Credibility is the single most important attribute of great marketing content. Effective content must also be relevant and valuable, but if potential buyers don’t see your content as credible, they won’t give you credit for relevance or value. Here are two ways to increase the credibility of your content.
Several recent research studies have contained both good news and bad news regarding B2B content marketing. First the good news. It’s clear that content plays a vital role in B2B buying decisions.
- In the 2017 B2B Buyer’s Survey by Demand Gen Report, business buyers were asked why they selected the winning vendor over others. Seventy-five percent of the respondents said that the winning vendor’s content had a significant impact on their choice.
- In a 2016 survey of business decision makers by Edelman and LinkedIn, 45% of respondents said that thought leadership content had directly led them to decide to do business with a company.
- In a 2016 survey of business executives by The Economist Group, respondents reported that, on average, they engage with only about 25% of the thought leadership content they see every day.
- A 2016 study by Beckon found that the amount of content published by brands had tripled in the previous year, but that customer engagement had remained flat. The study also found that just 5% of the total content produced garnered 90% of the total customer engagements, meaning that 19 out of 20 content pieces generated little or no engagements.
Credible content is authoritative. Therefore, it’s important not to fill your content with unsubstantiated claims or assertions. Marketing content doesn’t need to read like an academic journal or a legal brief, but the main points you make should be supported by sound evidence, preferably from recognized and reputable sources.
Business buyers have repeatedly made their preference for authoritative content clear:
- In its 2017 Content Preferences Survey, Demand Gen Report asked survey participants what recommendations they would make to improve the quality of the content provided by B2B vendors. Seventy-six percent of respondents said use more data and research to support content.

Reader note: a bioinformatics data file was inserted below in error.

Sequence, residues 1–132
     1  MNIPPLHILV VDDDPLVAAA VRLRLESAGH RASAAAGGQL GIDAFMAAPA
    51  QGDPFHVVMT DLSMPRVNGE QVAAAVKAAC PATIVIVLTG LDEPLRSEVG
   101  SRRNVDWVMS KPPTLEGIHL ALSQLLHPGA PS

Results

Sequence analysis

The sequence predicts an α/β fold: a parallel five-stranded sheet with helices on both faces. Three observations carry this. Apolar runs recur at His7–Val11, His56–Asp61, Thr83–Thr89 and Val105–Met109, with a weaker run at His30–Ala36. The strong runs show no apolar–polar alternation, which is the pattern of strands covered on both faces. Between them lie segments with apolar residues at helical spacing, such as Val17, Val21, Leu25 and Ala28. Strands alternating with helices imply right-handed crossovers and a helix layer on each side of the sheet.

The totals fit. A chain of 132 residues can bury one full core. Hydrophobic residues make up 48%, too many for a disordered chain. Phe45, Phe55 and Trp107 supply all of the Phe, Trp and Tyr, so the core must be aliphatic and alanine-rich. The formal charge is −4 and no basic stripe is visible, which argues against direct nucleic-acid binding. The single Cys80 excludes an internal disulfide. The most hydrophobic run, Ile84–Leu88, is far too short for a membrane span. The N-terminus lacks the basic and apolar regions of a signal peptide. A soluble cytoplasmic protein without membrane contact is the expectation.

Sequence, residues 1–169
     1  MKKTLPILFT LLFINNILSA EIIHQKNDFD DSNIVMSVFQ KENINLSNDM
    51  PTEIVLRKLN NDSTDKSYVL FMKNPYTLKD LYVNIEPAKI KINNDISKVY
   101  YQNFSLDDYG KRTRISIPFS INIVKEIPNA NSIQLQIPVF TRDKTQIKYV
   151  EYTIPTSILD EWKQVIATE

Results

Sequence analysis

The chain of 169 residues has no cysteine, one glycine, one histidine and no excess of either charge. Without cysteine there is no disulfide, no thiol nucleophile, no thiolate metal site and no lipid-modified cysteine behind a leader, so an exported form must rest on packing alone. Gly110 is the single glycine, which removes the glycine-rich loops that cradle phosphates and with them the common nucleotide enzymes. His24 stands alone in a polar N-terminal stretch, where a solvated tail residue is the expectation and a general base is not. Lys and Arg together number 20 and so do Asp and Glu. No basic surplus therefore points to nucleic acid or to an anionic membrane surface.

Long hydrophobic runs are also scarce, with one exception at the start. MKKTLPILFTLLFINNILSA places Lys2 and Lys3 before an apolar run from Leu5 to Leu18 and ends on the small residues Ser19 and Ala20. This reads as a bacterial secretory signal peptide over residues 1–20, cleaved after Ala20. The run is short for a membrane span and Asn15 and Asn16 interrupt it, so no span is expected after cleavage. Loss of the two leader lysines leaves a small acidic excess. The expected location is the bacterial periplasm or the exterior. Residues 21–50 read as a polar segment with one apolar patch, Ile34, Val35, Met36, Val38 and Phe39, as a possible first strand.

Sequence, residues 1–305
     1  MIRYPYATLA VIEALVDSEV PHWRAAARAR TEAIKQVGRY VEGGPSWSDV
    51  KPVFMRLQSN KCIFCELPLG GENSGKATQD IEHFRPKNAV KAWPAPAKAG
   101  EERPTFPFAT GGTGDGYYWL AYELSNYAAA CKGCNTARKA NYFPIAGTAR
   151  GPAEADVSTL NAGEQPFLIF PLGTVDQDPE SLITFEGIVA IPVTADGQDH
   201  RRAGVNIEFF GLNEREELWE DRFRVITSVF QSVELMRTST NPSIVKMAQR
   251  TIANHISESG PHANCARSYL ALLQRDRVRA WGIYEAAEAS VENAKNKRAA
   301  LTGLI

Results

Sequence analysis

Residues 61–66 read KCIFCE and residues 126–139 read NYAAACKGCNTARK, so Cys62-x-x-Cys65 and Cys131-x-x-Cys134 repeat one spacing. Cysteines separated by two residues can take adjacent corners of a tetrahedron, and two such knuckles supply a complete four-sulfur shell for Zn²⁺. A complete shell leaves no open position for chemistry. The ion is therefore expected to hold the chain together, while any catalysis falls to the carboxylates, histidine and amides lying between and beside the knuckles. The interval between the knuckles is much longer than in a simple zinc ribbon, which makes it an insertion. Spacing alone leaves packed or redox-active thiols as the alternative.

- In a 2016 survey of senior business executives by Grist, survey participants were asked what qualities they find most valuable in thought leadership content. The third highest ranking attribute was content that is evidence-based and contains robust data. The survey also asked participants what turns them off about content. Forty percent of respondents said unsubstantiated opinions.
Once again, B2B buyers have made their preference for non-promotional content clear. In a 2017 survey of business buyers by the Content Marketing Institute and SmartBrief, survey participants were asked to identify the most desirable qualities of the content they use to make buying decisions. The third most important attribute identified by survey respondents was content that “is more educational than promotional in nature.”
Keep It Real
B2B buyers have spoken, and they’ve made it clear that they want vendors to provide content that is credible, relevant, and insightful. Potential buyers will see your content as more credible if you make it authoritative and non-promotional.